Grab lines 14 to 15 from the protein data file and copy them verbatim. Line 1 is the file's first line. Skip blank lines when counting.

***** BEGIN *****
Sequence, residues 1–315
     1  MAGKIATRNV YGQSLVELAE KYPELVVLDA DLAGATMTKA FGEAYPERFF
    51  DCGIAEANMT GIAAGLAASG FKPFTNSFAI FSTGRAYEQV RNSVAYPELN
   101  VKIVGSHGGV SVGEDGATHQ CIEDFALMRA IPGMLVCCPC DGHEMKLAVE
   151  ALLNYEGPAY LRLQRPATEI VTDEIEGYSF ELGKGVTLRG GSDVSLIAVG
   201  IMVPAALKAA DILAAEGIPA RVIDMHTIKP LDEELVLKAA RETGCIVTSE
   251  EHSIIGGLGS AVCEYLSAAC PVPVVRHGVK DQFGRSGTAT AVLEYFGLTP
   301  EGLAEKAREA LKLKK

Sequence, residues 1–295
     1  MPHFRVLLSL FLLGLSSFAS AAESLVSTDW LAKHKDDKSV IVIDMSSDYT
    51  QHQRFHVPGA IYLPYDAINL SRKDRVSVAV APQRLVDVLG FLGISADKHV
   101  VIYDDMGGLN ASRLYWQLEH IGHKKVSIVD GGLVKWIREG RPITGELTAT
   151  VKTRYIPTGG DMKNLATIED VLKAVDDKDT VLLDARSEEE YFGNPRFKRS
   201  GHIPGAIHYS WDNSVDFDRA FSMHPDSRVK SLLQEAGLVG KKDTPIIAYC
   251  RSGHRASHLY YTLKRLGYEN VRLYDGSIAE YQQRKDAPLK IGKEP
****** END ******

   201  GHIPGAIHYS WDNSVDFDRA FSMHPDSRVK SLLQEAGLVG KKDTPIIAYC
   251  RSGHRASHLY YTLKRLGYEN VRLYDGSIAE YQQRKDAPLK IGKEP